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Articles by K. M. Macleod
Total Records ( 2 ) for K. M. Macleod
  G. Spyer , K. M. Macleod , M. Shepherd , S. Ellard and A. T. Hattersley
  Aim  To assess determinants of fetal growth in the offspring of pregnant women with hyperglycaemia due to a heterozygous glucokinase (GCK) gene mutation.

Methods  Details of gestational age at delivery, fetal birth weight and maternal antenatal treatment were collected from patients and retrospective case note review of 82 offspring born to 42 women with GCK gene mutations and 31 offspring born to 13 unaffected normoglycaemic women with an affected partner. Fetal genotype was determined using direct sequencing from either a mouth swab or a blood sample.

Results  In mothers with GCK mutations, non-mutation-carrying offspring were heavier than mutation-carrying offspring (corrected birth weight 3.9 ± 0.6 vs. 3.2 ± 0.8 kg; P < 0.001) and more likely to be macrosomic (> 4.0 kg; 39% vs. 7%, P = 0.001). There was no difference in corrected birth weight between offspring of insulin- and diet-treated women (3.7 ± 0.7 vs. 3.8 ± 0.6 kg; P = 0.1), although insulin-treated mothers delivered earlier (37.5 ± 1.7 vs. 38.9 ± 2.3 weeks; P < 0.001) due to increased obstetric intervention.

Conclusions  Offspring of women with GCK mutations are at increased risk of macrosomia and its obstetric consequences. Fetal birth weight is predominantly altered by fetal genotype and not treatment of maternal hyperglycaemia with insulin. This probably reflects the large effect of a fetal GCK mutation on fetal insulin secretion and the difficulty in reducing the regulated maternal glycaemia caused by a glucose sensing defect in people with GCK mutations.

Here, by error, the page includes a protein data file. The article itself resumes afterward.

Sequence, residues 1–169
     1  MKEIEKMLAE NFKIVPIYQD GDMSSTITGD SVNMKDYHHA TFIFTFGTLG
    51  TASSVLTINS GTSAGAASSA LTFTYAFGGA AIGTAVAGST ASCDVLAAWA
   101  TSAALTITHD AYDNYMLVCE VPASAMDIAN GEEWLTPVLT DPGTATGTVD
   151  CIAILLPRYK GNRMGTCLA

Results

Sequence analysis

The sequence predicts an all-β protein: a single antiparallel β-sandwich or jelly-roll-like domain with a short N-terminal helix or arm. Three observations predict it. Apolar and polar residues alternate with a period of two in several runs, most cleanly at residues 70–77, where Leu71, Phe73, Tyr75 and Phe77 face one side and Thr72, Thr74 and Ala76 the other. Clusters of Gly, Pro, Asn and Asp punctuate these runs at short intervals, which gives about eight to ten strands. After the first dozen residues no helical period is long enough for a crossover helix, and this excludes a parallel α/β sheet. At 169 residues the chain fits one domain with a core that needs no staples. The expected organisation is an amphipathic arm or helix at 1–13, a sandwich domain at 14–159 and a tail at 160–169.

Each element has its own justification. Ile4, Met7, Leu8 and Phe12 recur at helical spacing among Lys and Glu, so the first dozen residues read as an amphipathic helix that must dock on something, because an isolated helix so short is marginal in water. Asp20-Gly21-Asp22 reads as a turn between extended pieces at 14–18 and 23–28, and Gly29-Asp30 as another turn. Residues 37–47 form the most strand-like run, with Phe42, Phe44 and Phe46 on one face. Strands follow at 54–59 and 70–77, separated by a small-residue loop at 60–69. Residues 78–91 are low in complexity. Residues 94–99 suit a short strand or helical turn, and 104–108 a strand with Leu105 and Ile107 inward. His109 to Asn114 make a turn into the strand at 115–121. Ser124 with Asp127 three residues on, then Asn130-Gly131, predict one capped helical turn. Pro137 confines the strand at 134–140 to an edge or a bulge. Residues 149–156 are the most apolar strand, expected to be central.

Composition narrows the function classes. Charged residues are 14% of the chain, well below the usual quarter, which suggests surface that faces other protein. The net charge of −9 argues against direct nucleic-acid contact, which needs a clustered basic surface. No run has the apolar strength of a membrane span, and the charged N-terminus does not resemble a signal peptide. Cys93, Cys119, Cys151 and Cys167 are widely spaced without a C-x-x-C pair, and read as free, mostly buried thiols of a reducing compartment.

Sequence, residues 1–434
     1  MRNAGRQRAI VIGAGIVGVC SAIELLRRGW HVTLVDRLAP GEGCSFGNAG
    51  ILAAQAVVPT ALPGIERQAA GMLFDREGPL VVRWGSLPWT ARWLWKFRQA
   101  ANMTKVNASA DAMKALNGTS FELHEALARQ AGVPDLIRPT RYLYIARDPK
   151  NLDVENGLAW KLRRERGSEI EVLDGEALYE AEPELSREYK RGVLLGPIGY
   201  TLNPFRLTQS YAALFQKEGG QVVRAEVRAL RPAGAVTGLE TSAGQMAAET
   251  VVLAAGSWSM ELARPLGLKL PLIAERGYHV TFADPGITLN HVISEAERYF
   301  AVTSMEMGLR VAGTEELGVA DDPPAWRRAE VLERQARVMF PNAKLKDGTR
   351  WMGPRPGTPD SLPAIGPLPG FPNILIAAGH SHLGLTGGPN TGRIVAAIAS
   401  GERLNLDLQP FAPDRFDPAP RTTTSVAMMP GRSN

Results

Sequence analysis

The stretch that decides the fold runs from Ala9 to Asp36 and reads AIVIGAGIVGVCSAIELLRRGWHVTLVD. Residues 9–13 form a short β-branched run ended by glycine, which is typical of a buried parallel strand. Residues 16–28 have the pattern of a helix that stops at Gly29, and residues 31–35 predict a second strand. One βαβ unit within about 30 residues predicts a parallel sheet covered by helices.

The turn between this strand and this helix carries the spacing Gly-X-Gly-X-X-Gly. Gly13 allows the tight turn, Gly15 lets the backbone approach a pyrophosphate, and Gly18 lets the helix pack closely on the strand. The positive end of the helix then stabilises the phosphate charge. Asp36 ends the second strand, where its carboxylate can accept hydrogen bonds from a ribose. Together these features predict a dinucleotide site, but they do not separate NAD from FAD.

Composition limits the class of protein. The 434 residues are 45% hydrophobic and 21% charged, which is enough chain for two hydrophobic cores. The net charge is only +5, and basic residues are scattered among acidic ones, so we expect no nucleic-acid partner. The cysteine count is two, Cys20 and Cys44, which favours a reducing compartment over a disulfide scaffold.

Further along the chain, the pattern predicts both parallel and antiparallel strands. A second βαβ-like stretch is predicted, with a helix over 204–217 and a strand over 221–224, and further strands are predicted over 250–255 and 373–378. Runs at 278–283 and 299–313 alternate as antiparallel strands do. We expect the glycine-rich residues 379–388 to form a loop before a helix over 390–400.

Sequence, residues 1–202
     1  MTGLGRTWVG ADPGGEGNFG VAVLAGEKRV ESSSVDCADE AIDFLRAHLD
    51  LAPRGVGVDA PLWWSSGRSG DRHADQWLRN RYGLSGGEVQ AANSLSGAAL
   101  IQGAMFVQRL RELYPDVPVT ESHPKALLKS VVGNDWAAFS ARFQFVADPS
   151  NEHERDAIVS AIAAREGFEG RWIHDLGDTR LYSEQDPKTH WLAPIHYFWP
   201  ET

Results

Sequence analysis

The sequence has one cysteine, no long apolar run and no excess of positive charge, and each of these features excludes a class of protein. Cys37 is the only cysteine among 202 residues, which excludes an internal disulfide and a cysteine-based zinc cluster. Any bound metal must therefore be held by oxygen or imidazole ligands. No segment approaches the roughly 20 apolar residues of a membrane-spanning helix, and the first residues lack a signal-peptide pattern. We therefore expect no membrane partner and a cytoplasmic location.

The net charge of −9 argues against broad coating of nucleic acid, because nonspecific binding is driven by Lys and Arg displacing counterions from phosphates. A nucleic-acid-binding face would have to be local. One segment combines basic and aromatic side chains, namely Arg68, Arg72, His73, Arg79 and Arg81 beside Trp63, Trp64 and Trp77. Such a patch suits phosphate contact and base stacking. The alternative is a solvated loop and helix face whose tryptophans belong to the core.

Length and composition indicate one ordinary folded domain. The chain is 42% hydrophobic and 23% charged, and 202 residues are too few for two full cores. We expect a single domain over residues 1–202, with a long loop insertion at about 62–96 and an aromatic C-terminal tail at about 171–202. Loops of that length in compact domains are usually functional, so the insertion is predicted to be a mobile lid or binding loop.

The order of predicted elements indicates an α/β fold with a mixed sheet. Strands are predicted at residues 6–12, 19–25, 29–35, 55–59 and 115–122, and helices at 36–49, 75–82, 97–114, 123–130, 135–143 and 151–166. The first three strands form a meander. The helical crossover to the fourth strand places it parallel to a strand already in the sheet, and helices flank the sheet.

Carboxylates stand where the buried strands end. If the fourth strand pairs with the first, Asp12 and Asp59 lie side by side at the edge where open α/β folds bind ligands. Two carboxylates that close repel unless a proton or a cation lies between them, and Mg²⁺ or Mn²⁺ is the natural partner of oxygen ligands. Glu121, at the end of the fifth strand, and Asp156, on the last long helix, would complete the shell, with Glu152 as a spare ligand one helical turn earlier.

P. Choudhary , K. Lonnen , C. J. Emery , I. A. MacDonald , K. M. MacLeod , S. A. Amiel and S. R. Heller
  Aims  Patients with diabetes rely on symptoms to identify hypoglycaemia. Previous data suggest patients with Type 2 diabetes develop greater symptomatic and hormonal responses to hypoglycaemia at higher glucose concentrations than non-diabetic controls and these responses are lowered by insulin treatment. It is unclear if this is as a result of insulin therapy itself or improved glucose control. We compared physiological responses to hypoglycaemia in patients with Type 2 diabetes patients treated with sulphonylureas (SUs) or insulin (INS) with non-diabetic controls (CON).

Methods  Stepped hyperinsulinaemic hypoglycaemic clamps were performed on 20 subjects with Type 2 diabetes, 10 SU-treated and 10 treated with twice-daily premixed insulin, and 10 age- and weight-matched non-diabetic controls. Diabetic subjects were matched for diabetes duration, glycated haemoglobin (HbA1c) and hypoglycaemia experience. We measured symptoms, counterregulatory hormones and cognitive function at glucose plateaux of 5, 4, 3.5, 3 and 2.5 mmol/l.

Results  Symptomatic responses to hypoglycaemia occurred at higher blood glucose concentrations in SU-treated than INS-treated patients [3.5 (0.4) vs. 2.6 (0.5) mmol/l SU vs. INS; P = 0.001] or controls [SU vs. CON 3.5 (0.4) vs. 3.0 (0.6) mmol/l; P = 0.05]. They also had a greater increase in symptom scores at hypoglycaemia [13.6 (11.3) vs. 3.6 (6.1) vs. 5.1 (4.3) SU vs. INS vs. CON; P = 0.017]. There were no significant differences in counterregulatory hormone responses or impairment of cognitive function among groups.

Conclusions  Sulphonylurea-treated subjects are more symptomatic of hypoglycaemia at a higher glucose level than insulin-treated subjects. This may protect them from severe hypoglycaemia but hinder attainment of glycaemic goals.

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